categorize all the remaining messages into spam vs non-spam.

Hopefully helpfully yours,
Steve
--
Steven Tolkin steve.tolkin@fmr.com 617-563-0516
Fidelity Investments 82 Devonshire St. V10D Boston MA 02109
There is nothing so practical as a good theory. Comments are by me,
not Fidelity Investments, its subsidiaries or affiliates.
-----Original Message-----
From: Ken Williams
Sent: Tuesday, June 19, 2001 5:14 PM
To: perl-ai@perl.org
Subject: AI::Categorize slides from YAPC online


Hi perl-ai list,

The slides from my YAPC talk on AI::Categorize are online now, at:

http://mathforum.com/~ken/categorize/

Please take a look if you're interested. The same slides will be
available on www.yapc.org when Kevin has time to put them there.

Several people at the talk expressed interest in helping with
development of AI::Categorize:: modules. Here are my thoughts:

* If you want to implement a new algorithm (besides
NaiveBayes and kNN,
which I've already done), just go ahead and do it and
release to CPAN.
You don't need to discuss it with me unless you want to.
The modules
should be in the AI::Categorize:: namespace, and subclasses of
AI::Categorize.

* Discussions & announcements should take place on this
list, so that
people with more knowledge than me can chime in. If the
traffic gets
too much, we can split off to a new list. But at least for
a while, it
would be nice to get some meat into the perl-ai list
archives. =) Let's
post often, as I'm sure there's a lot of knowledge people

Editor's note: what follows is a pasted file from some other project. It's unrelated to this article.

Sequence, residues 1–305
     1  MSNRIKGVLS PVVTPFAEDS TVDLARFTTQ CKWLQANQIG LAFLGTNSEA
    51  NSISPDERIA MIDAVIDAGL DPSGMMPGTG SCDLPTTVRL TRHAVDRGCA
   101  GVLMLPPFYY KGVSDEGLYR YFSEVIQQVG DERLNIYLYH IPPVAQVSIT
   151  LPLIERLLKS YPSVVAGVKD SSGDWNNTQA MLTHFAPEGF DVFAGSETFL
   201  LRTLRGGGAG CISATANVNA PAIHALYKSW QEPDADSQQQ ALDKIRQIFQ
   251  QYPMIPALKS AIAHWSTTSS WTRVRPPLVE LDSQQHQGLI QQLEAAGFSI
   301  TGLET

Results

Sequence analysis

have to share,
as well as a lot of people who'd like to listen.

* If anyone has additions/changes/fixes to the existing
modules, don't
hold them back. For example, there was discussion of
adding stuff to
reduce the feature sets (number of words considered important) by
looking at their cross-entropy, and I'd like to get that in there.

As I mentioned at the talk, the main reason I created this
namespace and
released the initial stuff was to jumpstart community efforts in this
area. It seemed strange that there wasn't anything on CPAN to do this
kind of NLP stuff, when Perl seems so well-known in the NLP
community.
So I hope there will be interest from people on this list
(and that the
interested people from YAPC are indeed subscribed!).


------------------- -------------------
Ken Williams Last Bastion of Euclidity
ken@forum.swarthmore.edu The Math Forum

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  • Lee Goddard at Jun 20, 2001 at 3:13 pm

    Dear Ken et al.,
    I have been saving the spam email sent to me so that one day
    I could use a module like this to detect it.
    I could make available to anyone a *.csv (comma separated values) file
    that contains about 440 spam messages. It has a total of
    about 27000 lines and is 1.1 MB (400 KB compressed with zip).
    PLEASE don't send it to the list!
    This file would need to be complemented by a file of the same size,
    or ideally even larger, than contain non-spam. I could not
    distribute a non-spam file as most messages are company confidential.